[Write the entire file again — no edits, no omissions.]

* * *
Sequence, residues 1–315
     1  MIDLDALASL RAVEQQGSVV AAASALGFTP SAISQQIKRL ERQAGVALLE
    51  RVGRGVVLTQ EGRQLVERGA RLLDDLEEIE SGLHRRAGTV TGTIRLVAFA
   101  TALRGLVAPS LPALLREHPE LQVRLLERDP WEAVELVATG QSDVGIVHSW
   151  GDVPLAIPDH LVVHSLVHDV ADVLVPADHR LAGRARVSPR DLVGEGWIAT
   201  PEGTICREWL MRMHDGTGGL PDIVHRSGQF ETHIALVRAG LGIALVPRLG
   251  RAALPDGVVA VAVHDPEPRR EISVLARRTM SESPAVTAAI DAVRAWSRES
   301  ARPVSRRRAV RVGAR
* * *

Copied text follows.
Sequence, residues 1–315
     1  MIDLDALASL RAVEQQGSVV AAASALGFTP SAISQQIKRL ERQAGVALLE
    51  RVGRGVVLTQ EGRQLVERGA RLLDDLEEIE SGLHRRAGTV TGTIRLVAFA
   101  TALRGLVAPS LPALLREHPE LQVRLLERDP WEAVELVATG QSDVGIVHSW
   151  GDVPLAIPDH LVVHSLVHDV ADVLVPADHR LAGRARVSPR DLVGEGWIAT
   201  PEGTICREWL MRMHDGTGGL PDIVHRSGQF ETHIALVRAG LGIALVPRLG
   251  RAALPDGVVA VAVHDPEPRR EISVLARRTM SESPAVTAAI DAVRAWSRES
   301  ARPVSRRRAV RVGAR